Positive patients were also more likely to report going to a bar or café when the analysis was limited to those without close contact with people known to have coronavirus.
“A minority of infections lead to the majority of transmission,” he said. “If you’re at a bar, this cluster is clearly much larger as more people gather.”
How to increase airflow and ventilation indoors
Experts agree that increasing airflow in indoor environments is important to reduce the risk of transmission as it prevents virus particles from hanging in the air for too long.
Ventilation speed is the volume of outdoor air delivered per. Time unit and air change speedis the ventilation rate of a room divided by the volume of that room, according to Shelly Miller, professor of mechanical engineering at the University of Colorado Boulder.
Most air conditioners and heating systems cycle approximately 20% of fresh air into a building, while the remaining 80% is recycled for energy efficiency.
However, ventilation can be increased by opening a window and turning on a fan. Most portable air filters cannot filter out airborne virus particles, but they still facilitate air circulation that spreads the virus. Air purifiers with HEPA filtration remove more than 99 percent of airborne particles regardless of particle size and also facilitate air circulation.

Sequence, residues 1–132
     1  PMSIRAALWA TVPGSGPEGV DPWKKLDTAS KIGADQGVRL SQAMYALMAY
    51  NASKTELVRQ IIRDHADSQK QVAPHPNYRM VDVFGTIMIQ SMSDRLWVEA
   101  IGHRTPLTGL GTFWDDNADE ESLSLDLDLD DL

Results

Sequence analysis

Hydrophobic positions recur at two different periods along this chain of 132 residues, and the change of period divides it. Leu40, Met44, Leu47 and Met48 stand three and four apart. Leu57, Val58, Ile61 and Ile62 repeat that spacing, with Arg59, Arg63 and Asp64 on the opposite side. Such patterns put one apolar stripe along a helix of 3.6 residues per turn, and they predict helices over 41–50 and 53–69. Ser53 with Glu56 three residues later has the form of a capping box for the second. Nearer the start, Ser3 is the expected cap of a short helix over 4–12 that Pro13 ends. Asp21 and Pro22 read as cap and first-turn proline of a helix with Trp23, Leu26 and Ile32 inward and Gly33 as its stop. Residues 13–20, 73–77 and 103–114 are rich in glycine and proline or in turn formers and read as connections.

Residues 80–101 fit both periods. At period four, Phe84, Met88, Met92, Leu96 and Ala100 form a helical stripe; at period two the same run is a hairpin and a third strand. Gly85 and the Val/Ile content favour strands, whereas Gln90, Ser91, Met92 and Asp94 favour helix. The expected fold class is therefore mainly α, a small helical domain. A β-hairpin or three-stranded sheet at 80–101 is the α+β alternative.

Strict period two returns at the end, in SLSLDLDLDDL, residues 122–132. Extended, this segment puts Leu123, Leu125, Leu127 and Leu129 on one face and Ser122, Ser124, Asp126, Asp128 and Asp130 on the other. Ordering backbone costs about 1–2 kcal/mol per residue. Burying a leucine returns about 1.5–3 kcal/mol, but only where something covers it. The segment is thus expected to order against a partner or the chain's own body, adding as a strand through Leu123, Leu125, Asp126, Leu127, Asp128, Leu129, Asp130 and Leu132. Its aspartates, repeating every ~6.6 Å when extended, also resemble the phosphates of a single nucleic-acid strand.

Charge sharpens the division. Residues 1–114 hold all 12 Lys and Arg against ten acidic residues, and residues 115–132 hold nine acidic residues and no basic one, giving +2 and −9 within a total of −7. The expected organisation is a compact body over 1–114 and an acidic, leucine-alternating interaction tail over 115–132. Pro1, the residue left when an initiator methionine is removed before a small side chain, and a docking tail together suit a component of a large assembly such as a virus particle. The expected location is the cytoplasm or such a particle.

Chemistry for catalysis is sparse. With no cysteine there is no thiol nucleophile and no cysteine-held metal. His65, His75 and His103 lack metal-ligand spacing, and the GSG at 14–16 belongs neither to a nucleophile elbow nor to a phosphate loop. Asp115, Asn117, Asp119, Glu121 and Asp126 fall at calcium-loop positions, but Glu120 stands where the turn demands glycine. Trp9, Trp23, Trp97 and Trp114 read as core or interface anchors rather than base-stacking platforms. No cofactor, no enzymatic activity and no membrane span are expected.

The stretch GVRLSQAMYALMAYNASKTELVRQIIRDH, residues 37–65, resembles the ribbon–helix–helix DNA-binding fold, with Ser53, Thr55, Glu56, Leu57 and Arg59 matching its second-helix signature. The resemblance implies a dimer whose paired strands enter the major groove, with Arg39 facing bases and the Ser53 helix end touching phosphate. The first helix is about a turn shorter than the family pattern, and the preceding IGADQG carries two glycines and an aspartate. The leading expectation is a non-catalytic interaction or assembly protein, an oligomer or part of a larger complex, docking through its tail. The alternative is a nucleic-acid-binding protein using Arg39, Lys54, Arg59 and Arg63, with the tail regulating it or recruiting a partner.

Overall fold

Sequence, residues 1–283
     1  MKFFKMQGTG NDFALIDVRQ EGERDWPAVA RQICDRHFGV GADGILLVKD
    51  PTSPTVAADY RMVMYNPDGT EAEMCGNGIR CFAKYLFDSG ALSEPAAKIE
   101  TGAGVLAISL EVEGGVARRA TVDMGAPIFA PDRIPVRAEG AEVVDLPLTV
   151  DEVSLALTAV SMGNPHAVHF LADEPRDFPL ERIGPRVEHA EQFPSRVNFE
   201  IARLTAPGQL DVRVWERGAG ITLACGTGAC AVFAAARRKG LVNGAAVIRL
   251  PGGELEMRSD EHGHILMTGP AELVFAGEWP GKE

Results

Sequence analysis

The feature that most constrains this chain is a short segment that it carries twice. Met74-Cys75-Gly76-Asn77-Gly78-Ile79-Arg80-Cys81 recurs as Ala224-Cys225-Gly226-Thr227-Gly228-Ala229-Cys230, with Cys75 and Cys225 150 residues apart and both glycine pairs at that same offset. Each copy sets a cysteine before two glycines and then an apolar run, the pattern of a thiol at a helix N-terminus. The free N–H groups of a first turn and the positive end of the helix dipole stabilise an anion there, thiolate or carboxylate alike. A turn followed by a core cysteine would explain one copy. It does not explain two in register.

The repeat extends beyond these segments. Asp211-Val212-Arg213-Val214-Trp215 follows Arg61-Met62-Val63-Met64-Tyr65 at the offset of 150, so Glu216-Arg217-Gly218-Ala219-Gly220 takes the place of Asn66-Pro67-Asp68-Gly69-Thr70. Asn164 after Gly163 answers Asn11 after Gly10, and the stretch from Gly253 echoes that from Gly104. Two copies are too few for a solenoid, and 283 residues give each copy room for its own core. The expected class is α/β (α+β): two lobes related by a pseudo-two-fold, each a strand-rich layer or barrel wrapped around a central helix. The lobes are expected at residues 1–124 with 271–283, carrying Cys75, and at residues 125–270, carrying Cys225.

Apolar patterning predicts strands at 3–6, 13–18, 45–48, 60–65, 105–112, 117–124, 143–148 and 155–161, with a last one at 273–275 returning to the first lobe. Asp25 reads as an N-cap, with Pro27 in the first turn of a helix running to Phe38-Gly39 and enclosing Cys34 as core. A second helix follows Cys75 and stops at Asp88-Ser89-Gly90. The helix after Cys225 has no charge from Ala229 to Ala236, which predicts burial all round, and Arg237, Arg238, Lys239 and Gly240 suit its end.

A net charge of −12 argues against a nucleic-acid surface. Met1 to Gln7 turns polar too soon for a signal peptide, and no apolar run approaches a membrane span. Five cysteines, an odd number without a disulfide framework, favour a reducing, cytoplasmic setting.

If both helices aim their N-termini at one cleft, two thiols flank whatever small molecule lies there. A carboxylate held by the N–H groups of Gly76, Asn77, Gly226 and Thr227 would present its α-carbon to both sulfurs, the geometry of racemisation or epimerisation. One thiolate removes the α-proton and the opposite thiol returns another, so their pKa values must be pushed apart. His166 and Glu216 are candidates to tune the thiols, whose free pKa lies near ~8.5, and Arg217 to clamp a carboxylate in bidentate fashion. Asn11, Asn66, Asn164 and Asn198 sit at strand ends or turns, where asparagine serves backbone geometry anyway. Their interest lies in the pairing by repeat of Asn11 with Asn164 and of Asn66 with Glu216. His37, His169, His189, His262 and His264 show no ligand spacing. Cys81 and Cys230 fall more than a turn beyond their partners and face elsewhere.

“If you can quickly remove any airborne virus, you reduce the risk of transmission,” Miller said.
While UVC devices are useful for commercial buildings such as offices and schools, experts recommend sticking to a simple fan or portable air filter for private use, as some disinfectant gadgets can be harmful if used incorrectly.
Another good way to reduce the risk of transmission is to limit the number of people in a room, which generally contributes to a better indoor climate.
“If I lose the number of students from 35 to 17 now, the ventilation gives twice as much outdoor air per. Person, and that’s great, ”Miller said.
Building consulting firm BranchPattern developed an online calculator that determines the transmission risk by entering room characteristics such as heat, ventilation, how many people are in the room and for how long. The user can also add parameters such as Masking and portable filters.
Getting back to the basics: Masks, social distance and hand hygiene
Experts say the best way to be safe indoors is through the three basic mitigation measures: masks, social distance and hand hygiene.
“If you take all of these things together and put them into decent practice, it should hopefully slow down (transmission),” Hanage said.
Masks are especially important. CDC Director Robert R. Redfield told a Senate panel in mid-September that a vaccine may not be available to the American public until the summer or fall of 2021, and that masks are “the most important, most powerful public health tool we have” – possibly even more efficiently. than a vaccine.